The Florida Project

Willem Dafoe
Brooklynn Prince
Valeria Cotto
Bria Vinaite
Sean Baker, Director 

Right out of the chute, The Florida Project thrusts us back into the free-wheeling summer vacations and that big-world-no-worries life that children lead.  Remember when school let out, and June, July, and August stretched to the horizon like Route 66 across New Mexico? 

So we freely surrender to Sean Baker, the striking cotton candy colors of Florida, and these precocious kids’ point of view.  Moonee (Brooklynn Prince), Jancey (Valeria Cotto), and Scooty (Christopher Rivera) travel at will among the brightly-painted yet seedy residence motels just outside of – and galaxies away from  – Walt Disney World. 

The kids’ shenanigans seem mostly child-like and harmless until a seeping realization forms in the periphery:  While this sense of freedom and unlimited time seem familiar, this is not a replay of the innocent summers we recall from our days gone by.  Something is amiss and uncomfortable anticipation lurks. 

Their sphere of operation is a world distinct from the mainstream.  In this world, seven-year-olds spend long days out of sight and earshot of their parents.  On a given day, they might shut off the power to their building, or spit and spit and spit on a neighbor’s car until windshield runs slimy, and then curse her – while standing their ground – when she demands reparations.  

We see them pass an ice cream cone among themselves sweetly, but it’s one they bought after lying to and begging money from strangers as a matter of course.  They investigate an abandoned building and inadvertently set it afire.

Then we meet Halley (Bria Vinaite, a force in every scene), Moonee’s mom, barely out of her teens herself, full of suspicion and defiance.  But there’s no rolling of eyes or that whole apple-and-tree thing.  No, thanks to Baker’s direction, we get her.  We see that she is resourceful and relentless and bold in the face of her bleak prospects. 

At the same time we know that - barring a deus ex machina – something’s gotta give.  Halley cannot carry on grifting and stealing and prostituting herself.  She cannot continue to model disrespect for all those around her – even those who try to help, like Bobby (Willem Dafoe, in a role his leathered face and sinewy body were made for) the dogged and pragmatic motel manager who hovers just above beleaguered – as well as the other single parents around her.  She cannot go on this way, because this way, there is no hope for her, or for Moonee.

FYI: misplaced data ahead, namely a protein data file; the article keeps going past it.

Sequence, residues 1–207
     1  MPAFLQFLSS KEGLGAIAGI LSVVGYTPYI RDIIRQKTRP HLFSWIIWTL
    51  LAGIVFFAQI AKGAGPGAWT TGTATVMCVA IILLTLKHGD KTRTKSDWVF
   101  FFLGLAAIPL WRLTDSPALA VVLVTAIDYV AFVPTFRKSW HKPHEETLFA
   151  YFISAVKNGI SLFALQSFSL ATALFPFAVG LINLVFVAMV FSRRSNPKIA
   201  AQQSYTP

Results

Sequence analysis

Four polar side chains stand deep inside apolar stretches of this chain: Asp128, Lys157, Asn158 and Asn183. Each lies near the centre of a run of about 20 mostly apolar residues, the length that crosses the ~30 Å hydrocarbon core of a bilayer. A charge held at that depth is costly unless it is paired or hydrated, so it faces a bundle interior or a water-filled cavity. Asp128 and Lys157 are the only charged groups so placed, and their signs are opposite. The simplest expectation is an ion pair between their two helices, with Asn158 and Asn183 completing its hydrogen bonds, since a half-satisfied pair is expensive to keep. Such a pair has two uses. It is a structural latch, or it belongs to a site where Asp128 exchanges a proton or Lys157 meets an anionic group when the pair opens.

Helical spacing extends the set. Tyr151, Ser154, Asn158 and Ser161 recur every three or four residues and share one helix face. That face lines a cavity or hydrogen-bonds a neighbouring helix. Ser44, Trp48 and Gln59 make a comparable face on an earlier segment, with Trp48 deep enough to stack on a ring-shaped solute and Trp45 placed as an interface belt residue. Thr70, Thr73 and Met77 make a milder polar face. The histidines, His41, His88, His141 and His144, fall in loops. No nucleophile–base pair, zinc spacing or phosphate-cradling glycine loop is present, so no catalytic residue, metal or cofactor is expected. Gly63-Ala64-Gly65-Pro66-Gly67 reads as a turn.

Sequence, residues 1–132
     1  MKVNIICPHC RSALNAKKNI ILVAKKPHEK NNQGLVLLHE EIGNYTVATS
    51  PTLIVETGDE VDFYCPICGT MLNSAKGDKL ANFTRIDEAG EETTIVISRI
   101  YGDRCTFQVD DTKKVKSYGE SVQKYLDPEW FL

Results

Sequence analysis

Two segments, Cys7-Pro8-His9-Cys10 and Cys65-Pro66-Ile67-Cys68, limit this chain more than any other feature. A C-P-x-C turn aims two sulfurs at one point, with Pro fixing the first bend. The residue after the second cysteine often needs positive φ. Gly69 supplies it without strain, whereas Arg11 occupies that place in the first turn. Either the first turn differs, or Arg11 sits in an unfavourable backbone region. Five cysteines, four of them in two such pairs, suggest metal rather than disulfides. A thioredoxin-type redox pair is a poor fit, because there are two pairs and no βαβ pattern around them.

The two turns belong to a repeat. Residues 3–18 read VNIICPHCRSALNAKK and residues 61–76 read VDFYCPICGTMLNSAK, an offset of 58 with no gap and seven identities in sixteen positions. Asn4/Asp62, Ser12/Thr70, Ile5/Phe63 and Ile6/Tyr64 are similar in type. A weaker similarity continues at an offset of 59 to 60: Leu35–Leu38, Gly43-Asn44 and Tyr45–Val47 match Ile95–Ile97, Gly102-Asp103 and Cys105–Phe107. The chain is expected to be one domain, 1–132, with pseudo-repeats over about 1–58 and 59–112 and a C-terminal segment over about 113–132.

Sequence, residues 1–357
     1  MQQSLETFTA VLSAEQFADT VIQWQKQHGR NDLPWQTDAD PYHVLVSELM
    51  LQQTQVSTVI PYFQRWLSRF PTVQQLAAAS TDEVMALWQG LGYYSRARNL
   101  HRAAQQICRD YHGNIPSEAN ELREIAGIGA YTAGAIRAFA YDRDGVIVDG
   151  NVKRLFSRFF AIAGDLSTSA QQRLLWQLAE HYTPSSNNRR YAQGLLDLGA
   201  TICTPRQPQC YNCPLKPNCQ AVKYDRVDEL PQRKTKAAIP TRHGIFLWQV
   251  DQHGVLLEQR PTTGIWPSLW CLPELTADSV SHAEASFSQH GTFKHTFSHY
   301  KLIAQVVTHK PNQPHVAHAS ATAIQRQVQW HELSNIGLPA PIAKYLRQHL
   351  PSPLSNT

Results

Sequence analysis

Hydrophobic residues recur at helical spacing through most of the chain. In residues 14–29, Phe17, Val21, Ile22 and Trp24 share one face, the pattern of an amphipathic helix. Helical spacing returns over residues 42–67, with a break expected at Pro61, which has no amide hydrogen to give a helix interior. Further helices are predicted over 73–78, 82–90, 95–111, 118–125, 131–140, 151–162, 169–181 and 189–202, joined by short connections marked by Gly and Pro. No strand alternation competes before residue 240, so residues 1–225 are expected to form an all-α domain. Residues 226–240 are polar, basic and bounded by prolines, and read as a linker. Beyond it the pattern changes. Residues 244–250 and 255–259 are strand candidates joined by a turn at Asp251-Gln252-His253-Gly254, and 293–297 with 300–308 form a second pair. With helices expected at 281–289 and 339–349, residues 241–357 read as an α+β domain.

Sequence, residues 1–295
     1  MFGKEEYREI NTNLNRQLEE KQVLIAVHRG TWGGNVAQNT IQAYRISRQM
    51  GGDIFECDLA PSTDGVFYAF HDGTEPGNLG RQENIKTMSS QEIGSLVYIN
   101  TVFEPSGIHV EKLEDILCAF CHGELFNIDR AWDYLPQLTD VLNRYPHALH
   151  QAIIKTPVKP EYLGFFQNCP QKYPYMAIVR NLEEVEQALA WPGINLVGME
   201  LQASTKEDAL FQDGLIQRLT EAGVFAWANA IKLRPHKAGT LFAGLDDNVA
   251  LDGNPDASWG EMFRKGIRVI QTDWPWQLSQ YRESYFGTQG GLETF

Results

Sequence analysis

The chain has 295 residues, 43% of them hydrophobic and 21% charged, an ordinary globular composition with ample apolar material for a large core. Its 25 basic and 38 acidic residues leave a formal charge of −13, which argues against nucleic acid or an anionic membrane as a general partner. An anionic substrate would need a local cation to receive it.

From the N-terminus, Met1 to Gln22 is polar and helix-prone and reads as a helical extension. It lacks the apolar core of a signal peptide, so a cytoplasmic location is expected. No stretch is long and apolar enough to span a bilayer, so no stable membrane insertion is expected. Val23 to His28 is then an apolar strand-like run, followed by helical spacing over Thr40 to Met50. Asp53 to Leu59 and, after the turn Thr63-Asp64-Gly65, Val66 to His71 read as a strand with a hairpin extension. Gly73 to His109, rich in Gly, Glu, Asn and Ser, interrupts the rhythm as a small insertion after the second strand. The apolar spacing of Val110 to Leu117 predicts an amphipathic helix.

Thanks to the immersive, non-judgmental quality of Baker’s direction, and the natural honesty of the script, we see the humanity of these folks on the fringe and yearn for them to rise above.  We wonder why they never, ever look toward or talk about Walt Disney World.  Halley only ventures into its periphery to hawk knock-off perfumes so she can return to the motel and pay this week’s rent.  And notably, she appears not to be self-observant, or to grow from her experiences.

We want Halley’s intellect to extend her vision, and Moonee’s future to be full of possibilities.    Instead, the truth arrives in the form of police and child services.  And here is where Baker as screenwriter, along with co-writer Chris Bergoch, give us the hand of God, or more accurately, the wand of the Wizard.

This viewer – who’d been in it all the way – was taken aback.  But in fairness, maybe she’s hung up on a fantasy of her own.  


Six Degrees

Willem Dafoe in The Florida Project
1.     Willem Dafoe in Spider-Man with Kirsten Dunst
2.     Kirsten Dunst in Touch of Evil with Glenn Close
3.     Glenn Close in Mars Attacks with Jack Nicholson
4.     Jack Nicholson in A Few Good Men with Kevin Bacon


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